Quick Black Bear Facts
L. Rogers, PhD
from Watchable Wildlife: The Black Bear—updated February 3, 2002
Folklore: Perhaps no other animals have so excited the human imagination as bears. References to bears are found in ancient and modern literature, folk songs, legends, mythology, children stories, and cartoons. Bears are among the first animals that children learn to recognize. Bear folklore is confusing because it is based on caricatures, with Teddy Bears and the kindly Smoky on one hand and ferocious magazine cover drawings on the other. Dominant themes of our folklore are fear of the unknown and man against nature, and bears have traditionally been portrayed as the villains to support those themes, unfairly demonizing them to the public. A problem for black bears is that literature about bears often does not separate black bears from grizzly bears.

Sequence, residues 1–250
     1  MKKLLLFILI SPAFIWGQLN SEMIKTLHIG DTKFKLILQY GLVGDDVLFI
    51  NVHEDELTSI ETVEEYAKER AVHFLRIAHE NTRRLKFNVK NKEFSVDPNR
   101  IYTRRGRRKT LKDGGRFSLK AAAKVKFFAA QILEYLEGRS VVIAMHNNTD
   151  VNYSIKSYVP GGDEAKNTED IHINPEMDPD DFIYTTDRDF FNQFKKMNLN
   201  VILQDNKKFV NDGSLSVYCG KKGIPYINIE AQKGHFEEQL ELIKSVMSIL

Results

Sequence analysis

Black Bear Range
Black bears historically ranged over most of the forested regions of North America, including all Canadian provinces, Alaska, all states in the conterminous United States, and significant portions of northern Mexico (Hall 1981). Their current distribution is restricted to relatively undisturbed forested regions (Pelton 1982; Pelton et al. 1994).
Typical Year for Black Bears
January: The full moon in January is sometimes called the ‘bear moon'. Black bear cubs are generally born in January. The mother bear licks them clean, keeps them warm and moves into positions to make it easier for them to nurse.
February: All bears continue to hibernate. Newborn cubs continue to grow as mother bears care for them.
March: Hibernation continues. The testosterone (sex hormone) levels of adult male black bears begin to rise.
Classification of Black Bears
Ursinae (all living bears except giant panda and the spectacled bear)